In other words, you have to calculate your swing on your own rather than be told what percentage power you should use -- your swing’s tempo and percentage rating are no longer measured during your shot. It is up to you to master the feel of your swing and stick your shots. This is where the practice swing can come in handy –- this still measures the percentage on your swing.
So, say you are 90 yards out from the pin, and your pitching wedge has a max of 120 yards. Hit your practice swing and determine the strength and tempo needed on your shot. In this instance, I would practice swing and aim for about a 75-80 percent swing to attack the pin. After you feel comfortable, have at it.
There are other gameplay improvements that play into your swing as well. Speaking with Cameron Lee, a developer from EA Sports, I was able to gain an understanding behind the new Backswing Power Degradation.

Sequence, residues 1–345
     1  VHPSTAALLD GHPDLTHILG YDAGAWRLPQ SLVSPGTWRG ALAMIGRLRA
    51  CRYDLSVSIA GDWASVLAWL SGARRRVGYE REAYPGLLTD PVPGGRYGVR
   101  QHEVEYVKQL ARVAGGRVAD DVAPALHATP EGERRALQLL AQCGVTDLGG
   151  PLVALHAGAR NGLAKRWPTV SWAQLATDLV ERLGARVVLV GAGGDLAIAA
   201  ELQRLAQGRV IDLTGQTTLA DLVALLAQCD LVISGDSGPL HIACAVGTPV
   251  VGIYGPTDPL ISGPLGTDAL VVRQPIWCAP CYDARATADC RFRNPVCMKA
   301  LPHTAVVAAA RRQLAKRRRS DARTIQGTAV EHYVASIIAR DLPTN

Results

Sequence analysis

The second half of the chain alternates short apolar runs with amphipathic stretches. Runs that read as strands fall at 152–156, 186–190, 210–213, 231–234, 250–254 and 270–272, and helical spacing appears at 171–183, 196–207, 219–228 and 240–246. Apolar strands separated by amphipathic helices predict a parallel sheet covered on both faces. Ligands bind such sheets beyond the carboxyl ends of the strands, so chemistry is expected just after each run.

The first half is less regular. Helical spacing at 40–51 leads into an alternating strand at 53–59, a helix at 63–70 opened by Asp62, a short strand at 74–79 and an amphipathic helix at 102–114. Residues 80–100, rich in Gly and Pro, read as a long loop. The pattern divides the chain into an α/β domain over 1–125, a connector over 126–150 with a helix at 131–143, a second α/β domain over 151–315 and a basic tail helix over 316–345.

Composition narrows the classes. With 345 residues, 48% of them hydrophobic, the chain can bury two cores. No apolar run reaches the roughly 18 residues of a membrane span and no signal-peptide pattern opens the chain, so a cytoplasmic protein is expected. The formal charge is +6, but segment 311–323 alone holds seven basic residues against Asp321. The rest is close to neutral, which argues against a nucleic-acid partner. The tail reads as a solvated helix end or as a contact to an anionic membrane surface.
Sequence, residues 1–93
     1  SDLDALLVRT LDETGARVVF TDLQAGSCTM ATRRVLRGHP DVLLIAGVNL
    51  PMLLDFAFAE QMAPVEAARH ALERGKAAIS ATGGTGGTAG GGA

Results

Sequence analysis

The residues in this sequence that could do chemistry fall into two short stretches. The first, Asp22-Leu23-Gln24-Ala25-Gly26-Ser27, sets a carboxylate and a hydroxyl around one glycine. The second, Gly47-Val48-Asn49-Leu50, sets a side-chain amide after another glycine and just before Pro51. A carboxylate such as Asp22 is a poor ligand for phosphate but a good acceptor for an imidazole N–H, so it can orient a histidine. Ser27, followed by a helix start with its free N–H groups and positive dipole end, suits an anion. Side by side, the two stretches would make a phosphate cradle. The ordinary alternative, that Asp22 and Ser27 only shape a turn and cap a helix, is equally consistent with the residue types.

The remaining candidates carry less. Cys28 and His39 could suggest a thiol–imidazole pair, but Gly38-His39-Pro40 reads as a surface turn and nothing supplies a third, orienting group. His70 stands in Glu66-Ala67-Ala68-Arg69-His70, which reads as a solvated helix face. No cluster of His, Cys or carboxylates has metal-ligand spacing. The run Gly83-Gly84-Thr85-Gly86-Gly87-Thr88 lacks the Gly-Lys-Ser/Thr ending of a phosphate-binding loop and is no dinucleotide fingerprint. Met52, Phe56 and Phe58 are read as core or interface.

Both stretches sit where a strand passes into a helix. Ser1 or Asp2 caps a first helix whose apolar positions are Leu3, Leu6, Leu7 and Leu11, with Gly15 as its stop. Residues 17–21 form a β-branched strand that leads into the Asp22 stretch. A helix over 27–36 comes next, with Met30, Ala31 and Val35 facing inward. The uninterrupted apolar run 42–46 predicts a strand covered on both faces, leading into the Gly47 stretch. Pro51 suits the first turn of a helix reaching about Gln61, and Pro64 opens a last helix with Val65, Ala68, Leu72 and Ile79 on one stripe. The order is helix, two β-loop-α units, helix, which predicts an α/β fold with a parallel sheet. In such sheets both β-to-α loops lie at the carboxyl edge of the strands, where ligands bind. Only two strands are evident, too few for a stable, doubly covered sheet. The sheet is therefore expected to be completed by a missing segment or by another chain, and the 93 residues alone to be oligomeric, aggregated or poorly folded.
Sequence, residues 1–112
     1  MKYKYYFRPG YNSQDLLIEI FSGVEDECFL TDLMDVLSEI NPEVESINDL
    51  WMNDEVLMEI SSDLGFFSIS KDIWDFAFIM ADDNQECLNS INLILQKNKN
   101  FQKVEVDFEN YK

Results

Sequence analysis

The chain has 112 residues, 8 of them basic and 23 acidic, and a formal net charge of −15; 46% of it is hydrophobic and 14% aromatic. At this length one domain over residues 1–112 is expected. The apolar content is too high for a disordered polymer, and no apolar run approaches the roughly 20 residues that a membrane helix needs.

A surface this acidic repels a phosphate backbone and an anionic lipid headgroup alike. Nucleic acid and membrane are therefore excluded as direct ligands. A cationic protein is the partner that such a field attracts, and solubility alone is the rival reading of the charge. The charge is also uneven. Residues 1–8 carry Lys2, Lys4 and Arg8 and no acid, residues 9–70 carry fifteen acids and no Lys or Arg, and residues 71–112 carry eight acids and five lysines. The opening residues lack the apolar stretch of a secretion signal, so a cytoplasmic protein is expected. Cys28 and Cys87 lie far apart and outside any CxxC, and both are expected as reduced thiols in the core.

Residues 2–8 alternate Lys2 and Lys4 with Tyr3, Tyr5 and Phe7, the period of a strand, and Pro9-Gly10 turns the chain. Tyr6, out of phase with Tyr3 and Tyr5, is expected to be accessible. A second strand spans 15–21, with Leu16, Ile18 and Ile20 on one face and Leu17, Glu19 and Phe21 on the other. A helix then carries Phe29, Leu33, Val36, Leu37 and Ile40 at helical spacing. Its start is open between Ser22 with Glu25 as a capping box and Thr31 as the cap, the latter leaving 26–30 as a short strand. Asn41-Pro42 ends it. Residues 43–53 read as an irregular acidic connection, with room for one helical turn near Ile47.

Backswing Power Degradation is the answer to the gameplay abuse of pausing at the top of your swing. If you played the game enough in the past, you would begin to notice that if you held your backswing at certain precise moments and stopped, only to take a full follow through from that point onward, you could pinpoint exact percentages on your swing. This is not how a real golf swing should look and feel.
To combat this abuse, Lee and his team added random swing degradation. Now gamers will be forced to use a more fluid swing type without holds and pauses. So if you want to master your swing, now you have to work with your specific irons and the tempo of your shots to gain a good feel for the club and your environment.
Another nice gameplay addition is the variable winds. The wind actually changes while the ball is in flight and even during your backswing. Realistic shot spreads within your aiming circle have also been added, which means golfers can no longer land the ball in the absolute center of the aiming circle at will.
Variable lie percentages will tell you how your lie will affect your shot -- variable means the process is not exact. Lastly, approach green grids have been added along with triple the amount of pin placements.